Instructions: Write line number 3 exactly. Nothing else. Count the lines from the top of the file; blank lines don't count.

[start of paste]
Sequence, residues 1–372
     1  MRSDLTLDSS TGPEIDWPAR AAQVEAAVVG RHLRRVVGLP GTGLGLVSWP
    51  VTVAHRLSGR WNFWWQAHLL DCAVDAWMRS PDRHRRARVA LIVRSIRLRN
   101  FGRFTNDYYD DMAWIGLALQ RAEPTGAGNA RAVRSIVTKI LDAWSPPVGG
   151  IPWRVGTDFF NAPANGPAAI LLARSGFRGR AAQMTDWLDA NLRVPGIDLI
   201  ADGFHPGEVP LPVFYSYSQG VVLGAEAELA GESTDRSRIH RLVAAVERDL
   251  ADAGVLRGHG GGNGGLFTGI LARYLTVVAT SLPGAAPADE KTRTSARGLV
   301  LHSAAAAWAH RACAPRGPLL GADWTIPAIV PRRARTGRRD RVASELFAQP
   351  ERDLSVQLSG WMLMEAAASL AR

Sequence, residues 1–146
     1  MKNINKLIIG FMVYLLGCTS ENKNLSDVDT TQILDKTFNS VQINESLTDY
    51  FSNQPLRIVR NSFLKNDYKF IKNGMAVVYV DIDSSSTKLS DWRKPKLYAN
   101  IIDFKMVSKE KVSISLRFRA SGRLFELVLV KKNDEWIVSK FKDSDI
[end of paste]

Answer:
    51  VTVAHRLSGR WNFWWQAHLL DCAVDAWMRS PDRHRRARVA LIVRSIRLRN